The second mission of Europe’s new Vega C rocket did not go according to plan.
The medium-body Vega C lifted off from Europe’s spaceport in Kourou, French Guiana, at 8:47 p.m. EST (10:47 p.m. local time; 0147 GMT on Dec. 21) on Tuesday (Dec. 20), carrying two satellites for Airbus ‘ Pléiades Neo Earth imaging constellation.
The rocket’s first stage, known as the P120C, had done its job. But the second phase, called the Zefiro 40, did not.
“Approximately 2 minutes and 27 seconds after liftoff, an anomaly occurred on the Zefiro 40, ending the Vega C mission,” representatives of Arianespace, the French company that operates the Vega C, said in an e-mail Tuesday night. post statement said. “Data analyzes are ongoing to determine the reasons for this failure.”
Related: The history of rockets
An Arianespace Vega C rocket launches from Europe’s spaceport in Kourou, French Guiana, carrying two Earth observation satellites for Airbus’ Pléiades Neo constellation on December 20, 2022. The mission failed shortly after liftoff. (Image credit: Arianespace)
The Vega C was developed by the European Space Agency (ESA) and is operated by Arianespace.
The 115-foot-tall (35-meter), four-stage rocket is a more powerful version of the Vega, which first flew in 2012. The Vega C can carry about 5,070 pounds (2,300 kilograms) of payload to a 435-mile-high (700-kilometer) sun-synchronous orbit, compared with 3,300 pounds (1,500 kg) for the older rocket, according to Arianespace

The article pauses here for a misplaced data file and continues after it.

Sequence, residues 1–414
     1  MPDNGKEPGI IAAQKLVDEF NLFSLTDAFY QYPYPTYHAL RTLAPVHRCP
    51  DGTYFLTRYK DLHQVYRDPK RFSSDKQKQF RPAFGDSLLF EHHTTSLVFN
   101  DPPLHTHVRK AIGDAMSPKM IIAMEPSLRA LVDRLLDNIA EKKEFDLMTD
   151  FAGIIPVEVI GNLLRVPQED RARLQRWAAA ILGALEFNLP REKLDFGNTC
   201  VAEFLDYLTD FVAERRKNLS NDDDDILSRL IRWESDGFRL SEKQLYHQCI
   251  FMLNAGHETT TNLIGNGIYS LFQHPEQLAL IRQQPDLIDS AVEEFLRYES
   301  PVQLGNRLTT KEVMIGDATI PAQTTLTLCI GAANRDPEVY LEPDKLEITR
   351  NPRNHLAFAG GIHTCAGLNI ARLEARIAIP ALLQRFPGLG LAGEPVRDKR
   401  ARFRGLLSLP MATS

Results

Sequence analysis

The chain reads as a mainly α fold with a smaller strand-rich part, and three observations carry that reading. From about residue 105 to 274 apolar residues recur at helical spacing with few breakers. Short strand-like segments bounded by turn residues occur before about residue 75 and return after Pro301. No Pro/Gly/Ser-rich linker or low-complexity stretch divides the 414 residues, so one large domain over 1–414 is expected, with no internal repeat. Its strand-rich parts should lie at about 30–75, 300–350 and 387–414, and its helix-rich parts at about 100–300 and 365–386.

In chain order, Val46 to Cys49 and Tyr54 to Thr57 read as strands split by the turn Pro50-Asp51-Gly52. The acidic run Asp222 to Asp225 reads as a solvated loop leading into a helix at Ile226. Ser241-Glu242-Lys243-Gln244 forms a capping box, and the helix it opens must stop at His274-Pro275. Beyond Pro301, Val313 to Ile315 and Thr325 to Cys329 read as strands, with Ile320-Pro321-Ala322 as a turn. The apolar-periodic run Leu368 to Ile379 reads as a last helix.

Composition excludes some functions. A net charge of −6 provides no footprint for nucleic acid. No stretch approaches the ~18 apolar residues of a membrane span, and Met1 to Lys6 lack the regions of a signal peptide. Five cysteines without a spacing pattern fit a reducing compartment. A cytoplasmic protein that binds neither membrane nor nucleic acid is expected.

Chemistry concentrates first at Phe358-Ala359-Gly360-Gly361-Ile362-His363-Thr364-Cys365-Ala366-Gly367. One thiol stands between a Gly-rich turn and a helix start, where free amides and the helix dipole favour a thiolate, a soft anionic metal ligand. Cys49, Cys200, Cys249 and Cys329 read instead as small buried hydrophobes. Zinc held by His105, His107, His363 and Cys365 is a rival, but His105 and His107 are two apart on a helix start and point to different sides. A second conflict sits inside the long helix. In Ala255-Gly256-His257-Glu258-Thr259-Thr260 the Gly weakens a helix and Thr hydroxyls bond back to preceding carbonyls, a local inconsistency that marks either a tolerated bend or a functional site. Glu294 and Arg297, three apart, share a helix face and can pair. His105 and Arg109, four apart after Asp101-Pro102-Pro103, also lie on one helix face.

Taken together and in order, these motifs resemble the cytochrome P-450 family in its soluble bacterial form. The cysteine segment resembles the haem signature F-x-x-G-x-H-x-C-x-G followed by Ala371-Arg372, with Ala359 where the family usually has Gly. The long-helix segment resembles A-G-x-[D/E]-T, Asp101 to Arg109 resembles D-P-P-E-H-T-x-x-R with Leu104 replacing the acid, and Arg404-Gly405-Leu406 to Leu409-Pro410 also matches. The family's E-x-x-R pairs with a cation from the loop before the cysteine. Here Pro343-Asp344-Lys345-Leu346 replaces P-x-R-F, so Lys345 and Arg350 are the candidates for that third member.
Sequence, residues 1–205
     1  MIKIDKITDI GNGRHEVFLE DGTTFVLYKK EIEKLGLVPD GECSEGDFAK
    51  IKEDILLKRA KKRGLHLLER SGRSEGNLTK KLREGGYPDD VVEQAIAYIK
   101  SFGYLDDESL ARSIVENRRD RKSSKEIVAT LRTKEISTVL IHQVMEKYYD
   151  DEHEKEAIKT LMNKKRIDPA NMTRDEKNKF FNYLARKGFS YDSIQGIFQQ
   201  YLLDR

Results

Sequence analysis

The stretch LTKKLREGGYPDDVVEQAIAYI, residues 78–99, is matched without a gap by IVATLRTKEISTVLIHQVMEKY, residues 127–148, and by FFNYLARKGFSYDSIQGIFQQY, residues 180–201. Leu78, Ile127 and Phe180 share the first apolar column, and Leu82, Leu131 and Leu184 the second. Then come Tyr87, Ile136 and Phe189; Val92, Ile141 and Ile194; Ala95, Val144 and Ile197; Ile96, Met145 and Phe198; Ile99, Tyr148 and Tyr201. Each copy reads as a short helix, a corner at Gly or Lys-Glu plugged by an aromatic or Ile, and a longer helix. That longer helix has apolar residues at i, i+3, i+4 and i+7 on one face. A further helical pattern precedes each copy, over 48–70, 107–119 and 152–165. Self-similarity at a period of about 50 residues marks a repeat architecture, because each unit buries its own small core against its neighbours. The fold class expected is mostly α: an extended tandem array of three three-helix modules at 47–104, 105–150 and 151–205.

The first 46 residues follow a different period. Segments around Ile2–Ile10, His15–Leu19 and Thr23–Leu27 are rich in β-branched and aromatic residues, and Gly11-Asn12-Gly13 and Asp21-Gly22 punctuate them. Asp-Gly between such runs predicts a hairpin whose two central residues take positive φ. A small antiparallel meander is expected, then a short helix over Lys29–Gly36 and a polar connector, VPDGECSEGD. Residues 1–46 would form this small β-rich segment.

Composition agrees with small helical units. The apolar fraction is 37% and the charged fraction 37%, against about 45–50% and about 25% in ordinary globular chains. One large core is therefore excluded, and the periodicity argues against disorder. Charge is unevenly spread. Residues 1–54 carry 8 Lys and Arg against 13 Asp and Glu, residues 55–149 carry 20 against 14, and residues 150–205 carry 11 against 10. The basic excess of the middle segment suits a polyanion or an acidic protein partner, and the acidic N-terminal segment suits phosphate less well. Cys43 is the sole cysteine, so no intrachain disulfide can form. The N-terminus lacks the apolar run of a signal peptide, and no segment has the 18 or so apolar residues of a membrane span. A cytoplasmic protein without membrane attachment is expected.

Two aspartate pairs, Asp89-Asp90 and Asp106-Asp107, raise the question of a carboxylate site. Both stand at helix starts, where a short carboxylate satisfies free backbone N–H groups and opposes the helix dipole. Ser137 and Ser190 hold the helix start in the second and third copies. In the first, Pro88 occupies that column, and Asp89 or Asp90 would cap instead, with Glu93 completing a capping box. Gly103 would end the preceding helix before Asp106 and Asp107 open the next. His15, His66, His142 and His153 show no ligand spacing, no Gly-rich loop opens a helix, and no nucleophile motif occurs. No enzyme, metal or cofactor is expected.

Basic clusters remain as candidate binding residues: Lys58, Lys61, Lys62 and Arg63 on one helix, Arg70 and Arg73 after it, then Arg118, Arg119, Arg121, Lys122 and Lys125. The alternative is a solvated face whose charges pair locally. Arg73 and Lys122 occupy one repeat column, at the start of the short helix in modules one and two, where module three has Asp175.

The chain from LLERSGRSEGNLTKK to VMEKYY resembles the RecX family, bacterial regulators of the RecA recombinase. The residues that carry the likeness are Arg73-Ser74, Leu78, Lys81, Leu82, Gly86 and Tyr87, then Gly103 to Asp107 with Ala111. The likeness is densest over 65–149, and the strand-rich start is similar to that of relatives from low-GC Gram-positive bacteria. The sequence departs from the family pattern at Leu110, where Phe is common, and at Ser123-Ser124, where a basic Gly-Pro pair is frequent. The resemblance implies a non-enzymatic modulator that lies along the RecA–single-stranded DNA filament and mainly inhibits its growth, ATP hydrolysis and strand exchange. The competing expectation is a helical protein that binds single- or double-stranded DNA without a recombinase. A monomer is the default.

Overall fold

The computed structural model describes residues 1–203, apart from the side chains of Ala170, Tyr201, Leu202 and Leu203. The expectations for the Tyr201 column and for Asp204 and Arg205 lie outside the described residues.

(opens in new tab).
The two spacecraft lost to Tuesday’s failure, Pléiades Neo 5 and Pléiades Neo 6, weighed a combined 4,359 pounds (1,977 kg). The duo was headed for sun-synchronous orbit, where they would have completed Airbus’ Pléiades Neo Earth imaging constellation.
“The constellation is made of four identical satellites, built using the latest Airbus innovations and technological developments, and makes it possible to image any point of the globe several times a day at 30 centimeters. [12 inches] resolution,” Arianespace wrote in a mission description of the Vega C
(opens in new tab).
“Highly agile and reactive, they can be assigned up to 15 minutes before acquisition and return the images to Earth within the next hour,” added Arianespace. “Smaller, lighter, more agile, accurate and reactive than the competition, they are the first of their class whose capacity will be fully commercially available.”
The Vega C had one flight under its belt before Tuesday. In July 2022, the rocket successfully lifted off LARES-2, a 650-pound (295 kg) satellite developed by the Italian Space Agency, as well as six ride-along cubesats.
Tuesday’s mission was originally supposed to start on November 24. But Arianespace delayed nearly a month to replace faulty equipment on the rocket, a process that required
opening the Vega C’s payload screen (opens in new tab) at a processing facility in Kourou.
Further analysis will presumably try to determine whether the faulty equipment had anything to do with the launch failure. We should learn more on Wednesday (Dec. 21); Arianespace plans to hold a media teleconference at 10:00 a.m. EST (1500 GMT).
Mike Wall is the author of “ Out there (opens in new tab) ” (Grand Central Publishing, 2018; illustrated by Karl Tate), a book about the search for alien life. Follow him on Twitter @michaeldwall (opens in new tab) . follow us on Twitter @Spacedotcom (opens in new tab) or on Facebook (opens in new tab) .